The Turkish –Russian War 1806 -1812 and the British Interest in Southeastern Europe
Zidaru Marian, Stefan Georgescu, and Carastoian Marilena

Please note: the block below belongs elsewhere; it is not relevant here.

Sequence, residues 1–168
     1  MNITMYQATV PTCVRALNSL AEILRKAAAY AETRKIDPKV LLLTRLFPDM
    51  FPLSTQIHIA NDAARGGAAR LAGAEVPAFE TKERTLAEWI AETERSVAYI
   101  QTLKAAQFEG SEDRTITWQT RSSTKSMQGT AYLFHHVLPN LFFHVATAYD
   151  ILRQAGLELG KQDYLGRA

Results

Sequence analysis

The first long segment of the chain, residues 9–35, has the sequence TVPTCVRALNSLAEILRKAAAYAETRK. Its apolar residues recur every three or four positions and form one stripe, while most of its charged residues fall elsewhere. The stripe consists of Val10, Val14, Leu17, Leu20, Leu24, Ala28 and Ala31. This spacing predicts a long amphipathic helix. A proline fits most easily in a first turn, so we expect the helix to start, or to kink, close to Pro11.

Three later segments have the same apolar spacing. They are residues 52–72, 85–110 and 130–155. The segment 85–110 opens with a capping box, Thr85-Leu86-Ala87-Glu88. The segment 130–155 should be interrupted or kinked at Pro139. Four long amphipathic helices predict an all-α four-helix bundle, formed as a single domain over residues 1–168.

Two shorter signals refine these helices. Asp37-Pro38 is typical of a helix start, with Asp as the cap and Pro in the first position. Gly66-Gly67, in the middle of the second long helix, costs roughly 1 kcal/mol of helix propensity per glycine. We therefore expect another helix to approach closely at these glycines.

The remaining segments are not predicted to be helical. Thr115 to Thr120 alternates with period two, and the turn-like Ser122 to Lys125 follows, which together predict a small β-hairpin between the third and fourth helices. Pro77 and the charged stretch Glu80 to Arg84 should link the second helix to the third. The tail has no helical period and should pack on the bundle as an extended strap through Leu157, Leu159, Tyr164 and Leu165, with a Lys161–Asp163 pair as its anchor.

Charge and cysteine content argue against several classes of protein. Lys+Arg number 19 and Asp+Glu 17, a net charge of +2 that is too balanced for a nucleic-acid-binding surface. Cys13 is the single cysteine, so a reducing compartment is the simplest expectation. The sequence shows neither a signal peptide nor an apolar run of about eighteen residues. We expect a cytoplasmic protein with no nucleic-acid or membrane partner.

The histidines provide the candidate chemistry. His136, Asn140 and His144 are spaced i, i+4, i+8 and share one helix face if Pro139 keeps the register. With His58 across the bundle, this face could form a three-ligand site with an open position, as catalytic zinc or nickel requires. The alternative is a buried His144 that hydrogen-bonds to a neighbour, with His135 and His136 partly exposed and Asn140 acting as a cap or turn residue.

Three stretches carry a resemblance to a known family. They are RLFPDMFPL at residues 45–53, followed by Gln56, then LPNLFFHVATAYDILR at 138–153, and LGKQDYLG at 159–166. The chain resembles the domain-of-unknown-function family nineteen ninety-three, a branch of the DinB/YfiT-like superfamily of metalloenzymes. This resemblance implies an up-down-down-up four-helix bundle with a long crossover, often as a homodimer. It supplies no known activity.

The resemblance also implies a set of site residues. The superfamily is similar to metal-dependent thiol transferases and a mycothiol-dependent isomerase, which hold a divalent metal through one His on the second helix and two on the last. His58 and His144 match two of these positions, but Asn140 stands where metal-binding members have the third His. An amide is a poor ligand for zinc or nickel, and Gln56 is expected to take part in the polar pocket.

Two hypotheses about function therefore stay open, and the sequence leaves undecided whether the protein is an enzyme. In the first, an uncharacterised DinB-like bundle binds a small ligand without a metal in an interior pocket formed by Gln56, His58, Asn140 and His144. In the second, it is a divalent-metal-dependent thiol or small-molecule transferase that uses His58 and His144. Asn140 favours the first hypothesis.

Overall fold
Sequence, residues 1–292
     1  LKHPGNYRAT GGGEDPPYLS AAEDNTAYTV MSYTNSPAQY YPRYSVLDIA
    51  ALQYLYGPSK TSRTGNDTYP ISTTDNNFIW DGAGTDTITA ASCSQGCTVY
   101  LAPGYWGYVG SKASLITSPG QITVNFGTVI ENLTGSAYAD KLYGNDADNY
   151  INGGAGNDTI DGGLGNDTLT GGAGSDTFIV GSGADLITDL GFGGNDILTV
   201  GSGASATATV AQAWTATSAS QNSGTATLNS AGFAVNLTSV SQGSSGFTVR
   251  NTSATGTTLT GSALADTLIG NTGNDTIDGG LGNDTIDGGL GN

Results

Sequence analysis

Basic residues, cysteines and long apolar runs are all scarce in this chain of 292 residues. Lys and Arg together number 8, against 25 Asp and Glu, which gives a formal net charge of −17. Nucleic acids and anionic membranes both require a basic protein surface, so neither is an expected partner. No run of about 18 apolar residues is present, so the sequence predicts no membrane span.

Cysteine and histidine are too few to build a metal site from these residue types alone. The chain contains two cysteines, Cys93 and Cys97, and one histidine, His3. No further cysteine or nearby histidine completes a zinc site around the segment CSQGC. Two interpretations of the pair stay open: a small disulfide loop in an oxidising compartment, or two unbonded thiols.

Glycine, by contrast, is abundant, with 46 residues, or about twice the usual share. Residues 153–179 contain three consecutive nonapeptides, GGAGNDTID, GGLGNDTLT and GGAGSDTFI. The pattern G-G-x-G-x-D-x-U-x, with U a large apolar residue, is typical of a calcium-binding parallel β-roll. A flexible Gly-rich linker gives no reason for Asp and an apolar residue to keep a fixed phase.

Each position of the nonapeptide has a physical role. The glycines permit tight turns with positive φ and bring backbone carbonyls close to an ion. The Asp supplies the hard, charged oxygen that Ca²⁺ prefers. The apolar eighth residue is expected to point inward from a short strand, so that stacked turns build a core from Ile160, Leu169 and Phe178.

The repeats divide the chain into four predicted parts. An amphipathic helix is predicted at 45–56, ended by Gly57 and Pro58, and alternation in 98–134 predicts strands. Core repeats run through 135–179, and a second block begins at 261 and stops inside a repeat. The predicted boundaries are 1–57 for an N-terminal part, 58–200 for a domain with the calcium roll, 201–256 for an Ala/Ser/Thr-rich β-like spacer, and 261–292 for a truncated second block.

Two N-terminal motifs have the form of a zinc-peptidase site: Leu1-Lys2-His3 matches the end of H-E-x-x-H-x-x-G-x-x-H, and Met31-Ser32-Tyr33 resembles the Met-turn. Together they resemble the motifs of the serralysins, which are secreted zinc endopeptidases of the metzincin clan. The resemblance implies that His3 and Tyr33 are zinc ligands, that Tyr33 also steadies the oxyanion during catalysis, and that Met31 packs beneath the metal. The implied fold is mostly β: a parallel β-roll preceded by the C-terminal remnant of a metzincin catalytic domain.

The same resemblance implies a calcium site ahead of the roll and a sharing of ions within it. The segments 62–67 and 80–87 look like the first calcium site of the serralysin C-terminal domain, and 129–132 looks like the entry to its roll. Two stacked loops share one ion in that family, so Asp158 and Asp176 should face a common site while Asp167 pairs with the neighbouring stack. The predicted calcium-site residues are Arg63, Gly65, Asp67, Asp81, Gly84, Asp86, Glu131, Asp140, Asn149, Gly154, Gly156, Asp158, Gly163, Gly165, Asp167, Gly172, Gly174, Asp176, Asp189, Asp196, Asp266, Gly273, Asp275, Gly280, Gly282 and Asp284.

In the first half of the twentieth century, to confirm its regional primacy, Great Britain served in effect as Europe's imperial coordinator in the Ottoman succession.During the Russian-Turkish conflict between 1806-1812 the British interest was specific and peculiar. The British policy to the Turks was first to prevent and then to end the war between the Turkey and Russia as a means of strengthening Russian army fighting France in Europe In 1812 British diplomacy was involve in peace negotiations between Turkey and Russia. At 27 march 1812, in his instructions to Sir Robert Liston, His Majesty’s Ambassador and Plenipotentiary Extraordinary to the Sublime Ottoman Porte,that his first mission was to maintain the good relation of amity and commerce between His Majesty and the Sublime Ottoman Porte. The second object of his mission was to assist and accelerate by every means in his power, pacifications between the Turks and the Russians. Castlereagh considered that, „continuation of the struggle between those Powers being equally dangerous to the prosperity, if not the existence of both”. During Britain's monopoly of commerce under successively renewed royal charters (1581 - 1825), the Levant Company had cultivated trade with the Ottoman Empire's eastern Mediterranean territories from Greece to Egypt. Once the industrial revolution had taken hold in Britain late in the eighteenth century, the Levant Company faced no serious competition from Western European rivals. Given the long head start before the industrial revolution crossed the English Channel, Britain captured and held first place in the external Ottoman trade until World War I.This paper represents the result of our research in the United Kingdom National Archives and follows the development of the British-Turks and British-Russian diplomatic and economic bargaining during the period 1806-1812.